Written evidence submitted by Bond




Digital, Culture, Media and Sport Committee

Impact of Covid-19 on DCMS Sectors

Written submission made on behalf of Bond, Friday 1 May 2020


  1. Introduction

1.1. Bond is the UK network for organisations working in international development and humanitarian aid. It unites over 400 organisations, ranging from small specialist charities to large international non-governmental organisations (INGOs) with a world-wide presence. Most of these organisations are charities registered in England and Wales. As COVID-19 continues to spread worldwide, we are supporting our members to adapt their programmes and operations and keep their staff safe and organisations secure. We are responding to the needs of our members by mobilising the sector, advocating for additional support for civil society, and providing the latest information and insights on the crisis.


  1. Executive summary

2.1. UK charities are working on the frontline delivering lifesaving care to people living in the UK and in some of the poorest parts of the world.  They provide a lifeline to many people around the world living in countries with weak public health and social services infrastructure. However, many UK charities are in severe financial crisis and at risk of closure as voluntary income has dried up as a result of the pandemic restrictions. UK charities that work internationally are not able to access the £750 million announced for charities by the Chancellor of the Exchequer on 8 April 2020. Many will not survive if they don’t receive urgent financial support to cover their core organisational costs.

2.2. Further intervention will be necessary to meet the need of charity beneficiaries in the form of a Stabilisation Fund. This should be in the range of £4 billion. At least £320 million of this fund should be made available to UK charities working internationally. The Government should also make regulatory changes to some of the existing schemes announced by government to allow charities to become eligible by increasing the flexibility of the furlough scheme or access for charities to small business funding.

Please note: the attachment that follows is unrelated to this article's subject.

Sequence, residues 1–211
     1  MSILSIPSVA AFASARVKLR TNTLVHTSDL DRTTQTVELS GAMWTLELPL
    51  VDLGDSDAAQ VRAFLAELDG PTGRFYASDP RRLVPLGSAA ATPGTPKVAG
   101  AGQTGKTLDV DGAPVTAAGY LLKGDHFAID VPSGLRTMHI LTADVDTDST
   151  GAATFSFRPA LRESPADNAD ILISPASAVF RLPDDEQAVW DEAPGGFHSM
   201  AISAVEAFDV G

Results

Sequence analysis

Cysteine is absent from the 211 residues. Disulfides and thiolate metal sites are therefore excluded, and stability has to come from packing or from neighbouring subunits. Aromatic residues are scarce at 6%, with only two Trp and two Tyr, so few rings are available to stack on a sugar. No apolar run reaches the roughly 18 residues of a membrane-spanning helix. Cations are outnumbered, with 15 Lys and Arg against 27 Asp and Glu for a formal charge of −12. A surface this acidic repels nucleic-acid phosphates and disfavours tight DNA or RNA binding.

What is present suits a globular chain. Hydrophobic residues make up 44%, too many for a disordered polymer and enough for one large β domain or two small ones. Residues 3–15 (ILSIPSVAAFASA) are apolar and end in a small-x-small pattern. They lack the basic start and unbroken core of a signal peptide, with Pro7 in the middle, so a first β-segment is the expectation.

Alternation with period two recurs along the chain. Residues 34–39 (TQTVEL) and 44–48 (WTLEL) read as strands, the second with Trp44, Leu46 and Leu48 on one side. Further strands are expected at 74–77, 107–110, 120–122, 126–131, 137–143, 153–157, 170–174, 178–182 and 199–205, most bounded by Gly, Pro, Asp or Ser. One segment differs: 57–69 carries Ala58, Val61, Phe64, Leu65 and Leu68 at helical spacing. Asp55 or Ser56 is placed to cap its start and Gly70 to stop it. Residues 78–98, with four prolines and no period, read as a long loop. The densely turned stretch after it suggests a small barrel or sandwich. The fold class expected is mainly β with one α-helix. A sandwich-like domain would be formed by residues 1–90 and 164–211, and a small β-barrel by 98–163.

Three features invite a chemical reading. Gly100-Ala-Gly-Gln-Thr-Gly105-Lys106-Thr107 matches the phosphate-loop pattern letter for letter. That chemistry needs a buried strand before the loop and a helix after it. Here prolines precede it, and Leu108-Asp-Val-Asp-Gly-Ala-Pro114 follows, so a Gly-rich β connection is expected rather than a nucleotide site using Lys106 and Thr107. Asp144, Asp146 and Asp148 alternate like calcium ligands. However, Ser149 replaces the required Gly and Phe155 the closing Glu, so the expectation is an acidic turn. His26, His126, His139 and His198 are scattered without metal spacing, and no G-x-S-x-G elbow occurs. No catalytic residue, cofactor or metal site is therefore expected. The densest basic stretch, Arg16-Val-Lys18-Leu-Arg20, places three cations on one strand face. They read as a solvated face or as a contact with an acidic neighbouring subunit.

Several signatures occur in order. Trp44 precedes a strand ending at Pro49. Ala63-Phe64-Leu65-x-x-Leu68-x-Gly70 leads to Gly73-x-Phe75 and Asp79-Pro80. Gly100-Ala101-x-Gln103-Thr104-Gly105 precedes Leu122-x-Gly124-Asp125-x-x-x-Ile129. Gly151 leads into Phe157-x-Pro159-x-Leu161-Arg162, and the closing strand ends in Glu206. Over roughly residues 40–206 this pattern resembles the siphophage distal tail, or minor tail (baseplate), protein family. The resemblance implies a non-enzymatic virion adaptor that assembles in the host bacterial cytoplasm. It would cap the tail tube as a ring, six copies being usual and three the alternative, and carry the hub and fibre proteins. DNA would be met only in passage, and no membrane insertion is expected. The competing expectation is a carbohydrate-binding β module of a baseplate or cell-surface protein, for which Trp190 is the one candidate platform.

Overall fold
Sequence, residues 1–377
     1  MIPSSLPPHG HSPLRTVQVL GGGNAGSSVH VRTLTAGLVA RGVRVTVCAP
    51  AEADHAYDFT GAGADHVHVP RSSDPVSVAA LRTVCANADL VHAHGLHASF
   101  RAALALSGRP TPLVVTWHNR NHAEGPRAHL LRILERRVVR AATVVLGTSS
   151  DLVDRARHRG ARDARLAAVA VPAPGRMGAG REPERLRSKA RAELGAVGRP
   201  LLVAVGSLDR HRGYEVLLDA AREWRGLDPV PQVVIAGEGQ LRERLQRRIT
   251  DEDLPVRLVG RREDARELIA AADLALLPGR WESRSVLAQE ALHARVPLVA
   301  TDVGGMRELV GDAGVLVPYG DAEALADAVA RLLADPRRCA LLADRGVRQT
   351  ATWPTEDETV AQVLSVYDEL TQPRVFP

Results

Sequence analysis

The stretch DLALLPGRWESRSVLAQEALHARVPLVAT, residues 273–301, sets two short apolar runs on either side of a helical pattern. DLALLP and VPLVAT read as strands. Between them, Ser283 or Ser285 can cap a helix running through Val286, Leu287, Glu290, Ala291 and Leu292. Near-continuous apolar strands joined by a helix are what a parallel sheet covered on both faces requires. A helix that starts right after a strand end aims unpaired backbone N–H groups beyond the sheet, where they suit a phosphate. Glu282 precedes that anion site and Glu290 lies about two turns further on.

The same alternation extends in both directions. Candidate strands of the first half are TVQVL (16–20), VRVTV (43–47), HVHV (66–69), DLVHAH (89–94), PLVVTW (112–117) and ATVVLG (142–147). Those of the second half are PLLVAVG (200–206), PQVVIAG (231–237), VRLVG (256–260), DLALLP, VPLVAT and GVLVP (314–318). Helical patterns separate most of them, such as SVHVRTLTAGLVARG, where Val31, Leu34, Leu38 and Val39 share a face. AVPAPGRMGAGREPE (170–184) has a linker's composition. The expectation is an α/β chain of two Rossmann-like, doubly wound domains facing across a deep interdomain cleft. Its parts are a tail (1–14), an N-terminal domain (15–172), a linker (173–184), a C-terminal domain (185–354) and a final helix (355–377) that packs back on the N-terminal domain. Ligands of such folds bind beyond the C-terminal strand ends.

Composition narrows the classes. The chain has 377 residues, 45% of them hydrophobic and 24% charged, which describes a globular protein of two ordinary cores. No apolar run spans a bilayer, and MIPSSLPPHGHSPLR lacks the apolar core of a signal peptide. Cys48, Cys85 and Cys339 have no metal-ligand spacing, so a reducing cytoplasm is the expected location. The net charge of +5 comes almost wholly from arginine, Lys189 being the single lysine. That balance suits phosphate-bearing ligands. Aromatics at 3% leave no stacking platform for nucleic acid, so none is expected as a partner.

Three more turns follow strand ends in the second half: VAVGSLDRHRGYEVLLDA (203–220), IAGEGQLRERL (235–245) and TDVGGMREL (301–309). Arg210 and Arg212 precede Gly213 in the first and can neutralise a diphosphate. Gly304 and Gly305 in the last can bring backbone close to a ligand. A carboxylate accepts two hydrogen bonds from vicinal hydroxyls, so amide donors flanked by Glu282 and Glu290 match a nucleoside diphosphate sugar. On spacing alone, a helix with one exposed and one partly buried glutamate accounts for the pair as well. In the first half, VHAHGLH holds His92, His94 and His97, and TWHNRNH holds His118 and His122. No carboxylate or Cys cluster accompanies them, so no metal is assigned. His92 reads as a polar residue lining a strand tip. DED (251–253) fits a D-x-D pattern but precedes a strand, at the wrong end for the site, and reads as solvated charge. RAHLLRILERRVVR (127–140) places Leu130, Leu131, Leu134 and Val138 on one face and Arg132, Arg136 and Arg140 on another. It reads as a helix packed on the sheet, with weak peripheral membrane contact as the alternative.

1. UK charities working internationally and the global fight against Covid-19

3.1. Covid-19 is a global health crisis. The virus does not respect international borders. As the Secretary of State for International Development said on 12 April 2020: our ability to protect the British public will only be effective if we strengthen the healthcare systems of vulnerable developing countries too.”[1]

3.2. Unless urgent action is taken, there is a risk Covid-19 will trigger a global humanitarian emergency on a scale unlike any we have witnessed before. When the virus takes hold in in poverty stricken, densely populated areas of developing countries it will be devastating, and it will hit the most vulnerable people hardest. The pandemic will devastate already stretched health systems, overwhelm social safety nets, push half a billion more into poverty1 and send fragile economies into tailspin. We will see crisis piled upon crisis as the virus hits fragile and conflict affected countries like Yemen and refugee camps such as Cox’s Bazaar.

3.3. UK charities and their local partners are already on the ground in these countries. They are working as frontline responders, strengthening health systems, delivering humanitarian aid, disseminating public health advice, making sure vulnerable and marginalised have access to care, monitoring restrictions on human rights, addressing secondary impacts (e.g. rise in violence against women) and tackling hate crimes and exclusion. This is vital work that will help to curb the global spread of Covid-19 and bring an end to this pandemic.


  1. What has been the immediate impact on Covid-19 on the sector?